Protests will be held across the UK on 12 July against the EU-US trade deal, trade unions and campaign groups announced today. The protests will take place ahead of the next round of talks on the deal, scheduled to begin in Brussels on 14 July.

The announcement comes as Vince Cable, the US ambassador to the EU, the chief EU trade negotiator and other government and business figures meet at Chatham House in London today to discuss the future of global trade.

Protests against the Transatlantic Trade and Investment Partnership (TTIP) are planned in London, Cambridge, Manchester, York, Newcastle, Nottingham, Edinburgh and Glasgow. Campaigners want the EU to abandon the deal, which they say threatens democracy, the environment, and public services including the NHS.

Twelve of the 73 UK MEPs elected last month have pledged to work [1] for a full-scale re-think of the EU's trade and investment policy, and for trade rules that 'serve people and the environment'.

The House of Lords European Union Committee told parliament in May that EU member states were 'losing' the public debate on the deal.

Nick Dearden, director of the World Development Movement, said today:

"Politicians on both sides of the Atlantic have been completely taken by surprise by the scale of opposition to this deal. They seem to have thought they could agree it behind closed doors without anyone noticing. But the deal threatens so many things people hold dear – public services like the NHS and education, safety and environmental standards built up over many years to protect citizens, and even the power of government to make laws in the public interest. If it is agreed, it will be the biggest corporate power-grab we've ever seen."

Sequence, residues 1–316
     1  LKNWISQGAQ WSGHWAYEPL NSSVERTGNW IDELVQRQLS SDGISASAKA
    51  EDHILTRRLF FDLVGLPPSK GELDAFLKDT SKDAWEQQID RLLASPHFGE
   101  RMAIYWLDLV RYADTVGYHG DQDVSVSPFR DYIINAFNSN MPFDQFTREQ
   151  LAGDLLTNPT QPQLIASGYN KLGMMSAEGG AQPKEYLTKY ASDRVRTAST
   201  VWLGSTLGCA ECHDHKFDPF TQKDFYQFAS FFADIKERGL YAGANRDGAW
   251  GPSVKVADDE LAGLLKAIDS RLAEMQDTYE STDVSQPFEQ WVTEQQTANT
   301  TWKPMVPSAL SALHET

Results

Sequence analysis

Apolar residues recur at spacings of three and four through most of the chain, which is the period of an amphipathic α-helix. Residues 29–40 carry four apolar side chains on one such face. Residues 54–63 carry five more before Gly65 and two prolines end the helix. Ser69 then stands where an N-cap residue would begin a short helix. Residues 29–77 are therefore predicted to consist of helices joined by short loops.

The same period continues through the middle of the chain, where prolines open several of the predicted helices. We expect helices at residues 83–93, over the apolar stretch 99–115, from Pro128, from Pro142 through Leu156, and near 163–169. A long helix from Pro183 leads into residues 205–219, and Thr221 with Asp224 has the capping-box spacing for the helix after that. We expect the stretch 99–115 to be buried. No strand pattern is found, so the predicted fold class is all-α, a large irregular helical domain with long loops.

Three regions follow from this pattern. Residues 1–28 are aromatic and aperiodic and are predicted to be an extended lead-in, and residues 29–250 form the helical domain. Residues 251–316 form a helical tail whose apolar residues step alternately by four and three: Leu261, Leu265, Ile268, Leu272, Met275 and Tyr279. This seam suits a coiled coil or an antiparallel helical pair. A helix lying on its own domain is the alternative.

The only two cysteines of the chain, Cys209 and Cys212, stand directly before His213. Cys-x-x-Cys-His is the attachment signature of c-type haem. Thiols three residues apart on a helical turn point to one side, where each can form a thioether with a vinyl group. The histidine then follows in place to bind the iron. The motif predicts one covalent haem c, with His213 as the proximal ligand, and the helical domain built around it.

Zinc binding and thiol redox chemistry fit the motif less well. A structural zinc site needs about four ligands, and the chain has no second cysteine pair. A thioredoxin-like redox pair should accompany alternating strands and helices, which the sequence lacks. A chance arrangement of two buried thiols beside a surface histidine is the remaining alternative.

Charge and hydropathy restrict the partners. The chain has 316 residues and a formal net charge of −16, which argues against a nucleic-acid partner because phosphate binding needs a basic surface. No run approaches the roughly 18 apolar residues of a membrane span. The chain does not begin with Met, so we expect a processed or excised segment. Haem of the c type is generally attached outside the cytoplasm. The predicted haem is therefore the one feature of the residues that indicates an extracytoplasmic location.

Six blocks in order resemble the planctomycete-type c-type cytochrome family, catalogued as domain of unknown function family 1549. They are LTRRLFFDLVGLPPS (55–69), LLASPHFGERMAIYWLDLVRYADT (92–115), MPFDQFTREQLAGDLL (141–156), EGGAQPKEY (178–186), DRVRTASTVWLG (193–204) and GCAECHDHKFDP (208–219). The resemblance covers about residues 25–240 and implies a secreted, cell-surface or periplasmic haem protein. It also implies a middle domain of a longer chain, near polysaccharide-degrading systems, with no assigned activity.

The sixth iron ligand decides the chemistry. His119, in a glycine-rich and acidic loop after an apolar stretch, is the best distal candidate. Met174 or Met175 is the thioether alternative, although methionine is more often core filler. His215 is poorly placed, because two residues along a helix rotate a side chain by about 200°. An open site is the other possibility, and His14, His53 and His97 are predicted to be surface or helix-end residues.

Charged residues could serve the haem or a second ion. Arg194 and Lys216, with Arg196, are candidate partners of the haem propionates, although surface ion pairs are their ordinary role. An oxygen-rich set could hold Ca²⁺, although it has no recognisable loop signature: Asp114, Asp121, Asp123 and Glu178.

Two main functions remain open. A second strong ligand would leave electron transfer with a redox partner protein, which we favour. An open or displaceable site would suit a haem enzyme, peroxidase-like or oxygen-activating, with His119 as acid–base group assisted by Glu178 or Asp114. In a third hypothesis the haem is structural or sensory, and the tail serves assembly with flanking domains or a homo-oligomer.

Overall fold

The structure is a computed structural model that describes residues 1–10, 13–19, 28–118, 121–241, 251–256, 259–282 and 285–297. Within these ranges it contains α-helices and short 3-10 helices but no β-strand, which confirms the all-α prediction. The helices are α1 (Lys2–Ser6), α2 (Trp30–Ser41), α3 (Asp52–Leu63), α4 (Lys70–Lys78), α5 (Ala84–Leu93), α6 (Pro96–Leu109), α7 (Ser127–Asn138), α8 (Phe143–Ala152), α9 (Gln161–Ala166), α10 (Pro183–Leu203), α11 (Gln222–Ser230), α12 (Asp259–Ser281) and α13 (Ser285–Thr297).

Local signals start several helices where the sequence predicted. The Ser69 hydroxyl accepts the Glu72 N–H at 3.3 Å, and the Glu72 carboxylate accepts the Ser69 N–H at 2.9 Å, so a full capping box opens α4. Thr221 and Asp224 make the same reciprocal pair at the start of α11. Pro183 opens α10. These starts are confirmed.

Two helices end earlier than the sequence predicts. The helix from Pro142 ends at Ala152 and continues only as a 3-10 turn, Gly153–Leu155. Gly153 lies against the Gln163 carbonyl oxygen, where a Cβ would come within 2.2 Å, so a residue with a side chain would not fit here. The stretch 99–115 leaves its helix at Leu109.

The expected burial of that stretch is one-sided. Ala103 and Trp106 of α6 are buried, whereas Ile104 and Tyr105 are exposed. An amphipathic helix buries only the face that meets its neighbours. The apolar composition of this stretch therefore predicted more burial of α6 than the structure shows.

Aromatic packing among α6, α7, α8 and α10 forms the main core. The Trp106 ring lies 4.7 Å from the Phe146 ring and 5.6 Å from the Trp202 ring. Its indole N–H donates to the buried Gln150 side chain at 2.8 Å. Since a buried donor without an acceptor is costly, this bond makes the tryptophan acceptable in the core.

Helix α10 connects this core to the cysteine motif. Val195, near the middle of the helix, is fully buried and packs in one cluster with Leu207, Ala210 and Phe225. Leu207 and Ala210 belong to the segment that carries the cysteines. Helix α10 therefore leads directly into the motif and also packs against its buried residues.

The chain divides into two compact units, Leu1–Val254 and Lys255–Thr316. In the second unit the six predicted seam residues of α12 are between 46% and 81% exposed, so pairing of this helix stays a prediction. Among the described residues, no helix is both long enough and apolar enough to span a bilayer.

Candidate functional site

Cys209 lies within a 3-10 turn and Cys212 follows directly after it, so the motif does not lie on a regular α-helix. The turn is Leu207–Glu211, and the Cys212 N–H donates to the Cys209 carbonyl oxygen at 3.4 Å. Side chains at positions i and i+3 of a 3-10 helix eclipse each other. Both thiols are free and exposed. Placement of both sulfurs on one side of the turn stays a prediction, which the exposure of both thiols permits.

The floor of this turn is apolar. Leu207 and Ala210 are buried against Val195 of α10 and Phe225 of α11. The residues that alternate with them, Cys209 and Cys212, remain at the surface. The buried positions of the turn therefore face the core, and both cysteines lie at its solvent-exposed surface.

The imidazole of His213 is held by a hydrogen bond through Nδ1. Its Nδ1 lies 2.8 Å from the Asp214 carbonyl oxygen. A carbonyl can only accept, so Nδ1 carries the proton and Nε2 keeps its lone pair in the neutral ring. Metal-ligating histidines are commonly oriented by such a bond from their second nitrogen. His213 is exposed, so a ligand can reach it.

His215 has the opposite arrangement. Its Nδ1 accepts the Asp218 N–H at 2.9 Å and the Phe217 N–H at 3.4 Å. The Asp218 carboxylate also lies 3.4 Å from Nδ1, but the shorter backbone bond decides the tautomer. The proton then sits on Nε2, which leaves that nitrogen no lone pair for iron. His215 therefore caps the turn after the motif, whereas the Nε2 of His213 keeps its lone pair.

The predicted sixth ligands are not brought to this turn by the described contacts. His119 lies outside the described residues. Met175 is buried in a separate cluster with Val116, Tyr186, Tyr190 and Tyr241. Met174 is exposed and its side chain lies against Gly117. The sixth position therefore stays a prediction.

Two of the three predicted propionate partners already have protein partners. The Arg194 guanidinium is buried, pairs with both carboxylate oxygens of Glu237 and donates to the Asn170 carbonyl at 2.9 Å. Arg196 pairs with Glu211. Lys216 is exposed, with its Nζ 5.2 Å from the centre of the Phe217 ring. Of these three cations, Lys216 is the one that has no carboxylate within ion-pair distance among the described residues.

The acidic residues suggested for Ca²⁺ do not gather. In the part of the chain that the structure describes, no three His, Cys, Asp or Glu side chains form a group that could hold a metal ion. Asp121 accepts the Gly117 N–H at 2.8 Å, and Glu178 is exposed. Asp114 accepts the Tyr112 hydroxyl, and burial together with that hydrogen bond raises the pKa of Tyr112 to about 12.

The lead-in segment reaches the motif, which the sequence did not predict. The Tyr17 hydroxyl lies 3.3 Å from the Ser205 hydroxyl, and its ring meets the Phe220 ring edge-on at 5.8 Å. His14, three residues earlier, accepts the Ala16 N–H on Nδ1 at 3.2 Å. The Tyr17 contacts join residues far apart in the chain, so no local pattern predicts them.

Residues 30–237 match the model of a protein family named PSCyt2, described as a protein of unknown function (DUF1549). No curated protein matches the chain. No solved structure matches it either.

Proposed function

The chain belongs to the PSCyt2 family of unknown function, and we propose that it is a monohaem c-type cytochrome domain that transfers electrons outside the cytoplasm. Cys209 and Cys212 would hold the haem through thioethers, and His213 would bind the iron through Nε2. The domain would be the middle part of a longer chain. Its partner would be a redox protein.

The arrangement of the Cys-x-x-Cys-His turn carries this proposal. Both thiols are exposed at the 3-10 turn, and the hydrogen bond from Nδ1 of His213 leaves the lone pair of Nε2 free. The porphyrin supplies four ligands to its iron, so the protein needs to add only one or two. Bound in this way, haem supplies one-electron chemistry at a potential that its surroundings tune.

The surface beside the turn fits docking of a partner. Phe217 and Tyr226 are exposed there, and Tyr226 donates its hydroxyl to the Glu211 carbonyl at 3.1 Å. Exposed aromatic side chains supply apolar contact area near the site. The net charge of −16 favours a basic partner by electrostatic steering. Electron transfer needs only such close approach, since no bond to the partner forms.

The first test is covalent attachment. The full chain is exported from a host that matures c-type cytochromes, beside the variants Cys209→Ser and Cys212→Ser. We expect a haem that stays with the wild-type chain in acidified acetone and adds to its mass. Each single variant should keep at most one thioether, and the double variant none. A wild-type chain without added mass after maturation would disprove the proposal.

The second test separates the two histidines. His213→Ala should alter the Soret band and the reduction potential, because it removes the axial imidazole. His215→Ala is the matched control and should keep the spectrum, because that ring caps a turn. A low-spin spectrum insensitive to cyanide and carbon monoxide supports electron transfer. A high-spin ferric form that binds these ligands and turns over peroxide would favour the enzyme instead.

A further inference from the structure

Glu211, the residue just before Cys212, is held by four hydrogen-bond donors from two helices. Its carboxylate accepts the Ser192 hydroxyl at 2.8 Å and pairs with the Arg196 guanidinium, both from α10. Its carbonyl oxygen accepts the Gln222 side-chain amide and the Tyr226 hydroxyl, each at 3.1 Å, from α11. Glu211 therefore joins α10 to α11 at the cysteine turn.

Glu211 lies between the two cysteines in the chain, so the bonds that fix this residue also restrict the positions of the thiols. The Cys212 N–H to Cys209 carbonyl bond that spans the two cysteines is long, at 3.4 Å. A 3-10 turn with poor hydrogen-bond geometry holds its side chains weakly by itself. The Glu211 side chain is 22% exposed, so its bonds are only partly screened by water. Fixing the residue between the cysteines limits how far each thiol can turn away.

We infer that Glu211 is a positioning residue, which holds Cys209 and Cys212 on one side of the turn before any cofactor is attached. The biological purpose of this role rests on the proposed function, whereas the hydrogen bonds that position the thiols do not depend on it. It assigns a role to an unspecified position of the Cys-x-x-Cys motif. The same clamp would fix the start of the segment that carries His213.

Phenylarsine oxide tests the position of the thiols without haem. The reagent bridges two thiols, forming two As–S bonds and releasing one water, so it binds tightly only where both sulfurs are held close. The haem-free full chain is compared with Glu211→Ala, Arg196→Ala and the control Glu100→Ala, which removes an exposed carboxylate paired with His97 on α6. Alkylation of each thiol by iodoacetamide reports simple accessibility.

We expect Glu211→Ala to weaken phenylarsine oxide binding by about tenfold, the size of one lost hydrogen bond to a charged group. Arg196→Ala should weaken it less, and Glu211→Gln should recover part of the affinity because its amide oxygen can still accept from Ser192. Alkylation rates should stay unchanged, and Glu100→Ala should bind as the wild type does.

University and College Union general secretary, Sally Hunt, said:

US EU Flags - FreeFoto.com

US EU Flags – FreeFoto.com

"Our public services are fundamentally different to private enterprise and should be treated separately when it comes to making deals with the US and other nations. The UK higher education sector is already a priority for many for-profit US education companies, some of whom have an unsavoury reputation for aggressive marketing and poor standards. Reducing our government's ability to regulate these companies, and allowing them to challenge policies designed to protect the public interest, would be an outrage."

Vica from Occupy London said:

"TTIP is an attack on democracy. It is a corporate bill of rights, that will give multinational corporations unprecedented power over our common resources and welfare system, imposing once again the destructive paradigm that profit must always come before people and planet. We need to make our voices heard now, before it is too late."

John Hilary, Executive Director of War on Want, said:

"The UK government is already losing the debate over TTIP, as people learn of the threat posed by the negotiations to jobs, food safety and public services. Yet politicians continue to promote the deal regardless of the dangers it poses, in the face of growing public anger. TTIP serves the interests of transnational capital at the expense of popular sovereignty and social rights. The UK government and the European Commission must listen to the people of Europe and halt the TTIP negotiations now."

[1] www.tjm.org.uk/documents/PLEDGE_WEB.pdf?mc_cid=70b534add5&mc_eid=f15378e030

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